The Council of Canadian Academies (2019) review is by the Council of Canadian Academies (CCA) addressing the various climatic risk factors that Canada has been facing and the measures through which such risk could be mitigated, especially among the indigenous populations. The report is of the essence in understanding how the indigenous populations help in the understanding of climate change as it presents the threats they are exposed to and the means through which they have been able to survive all through.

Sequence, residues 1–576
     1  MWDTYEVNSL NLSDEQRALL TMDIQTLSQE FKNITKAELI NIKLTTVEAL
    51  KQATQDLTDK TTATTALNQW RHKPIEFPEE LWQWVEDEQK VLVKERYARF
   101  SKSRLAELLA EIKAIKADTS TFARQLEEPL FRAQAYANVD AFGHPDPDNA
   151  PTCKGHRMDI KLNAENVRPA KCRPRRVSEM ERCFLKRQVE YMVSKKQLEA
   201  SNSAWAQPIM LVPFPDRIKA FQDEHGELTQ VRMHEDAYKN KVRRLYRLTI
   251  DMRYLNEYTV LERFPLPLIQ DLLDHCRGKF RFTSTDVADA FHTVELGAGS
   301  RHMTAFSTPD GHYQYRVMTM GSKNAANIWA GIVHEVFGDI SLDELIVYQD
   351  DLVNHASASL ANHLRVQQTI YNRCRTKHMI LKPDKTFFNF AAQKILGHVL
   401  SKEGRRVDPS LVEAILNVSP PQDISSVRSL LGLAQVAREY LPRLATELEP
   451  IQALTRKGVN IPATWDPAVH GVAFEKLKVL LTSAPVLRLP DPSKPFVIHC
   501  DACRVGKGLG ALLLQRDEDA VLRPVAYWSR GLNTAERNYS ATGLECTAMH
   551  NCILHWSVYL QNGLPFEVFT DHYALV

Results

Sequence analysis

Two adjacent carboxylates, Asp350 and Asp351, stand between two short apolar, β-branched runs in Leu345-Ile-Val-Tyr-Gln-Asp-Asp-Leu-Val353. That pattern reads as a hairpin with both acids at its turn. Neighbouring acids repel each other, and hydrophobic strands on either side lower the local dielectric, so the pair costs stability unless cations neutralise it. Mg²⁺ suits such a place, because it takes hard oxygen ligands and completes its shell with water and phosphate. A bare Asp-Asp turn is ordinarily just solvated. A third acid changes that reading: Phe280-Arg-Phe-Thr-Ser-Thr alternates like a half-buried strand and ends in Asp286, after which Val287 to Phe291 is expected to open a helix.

According to The Council of Canadian Academies (2019), Canada has many coastal communities living on the coastline and who are at the forefront in getting affected by the rise in sea waters. The various risks such as flooding which are through the communities' interaction with the weather patterns such as storms and the reduced protection from sea ice. The coastal communities have embraced the risks of climate change by adapting to the risks and threats. The adaptation options can vary over a wide scale. The feasibility of the various effects depends on the extent and scale of effects such as the geographical size and the number of people. Other factors such as the time needed, the willingness and capacity to the risks, and the extent of cooperation as some of the factors that determine the extent to which adaptation to the risks can be mitigated. The review on the feasibility and the level of adaptation in addressing the risk of climatic change among the indigenous communities provide enough data that can be used for further research for a better understanding of climatic change.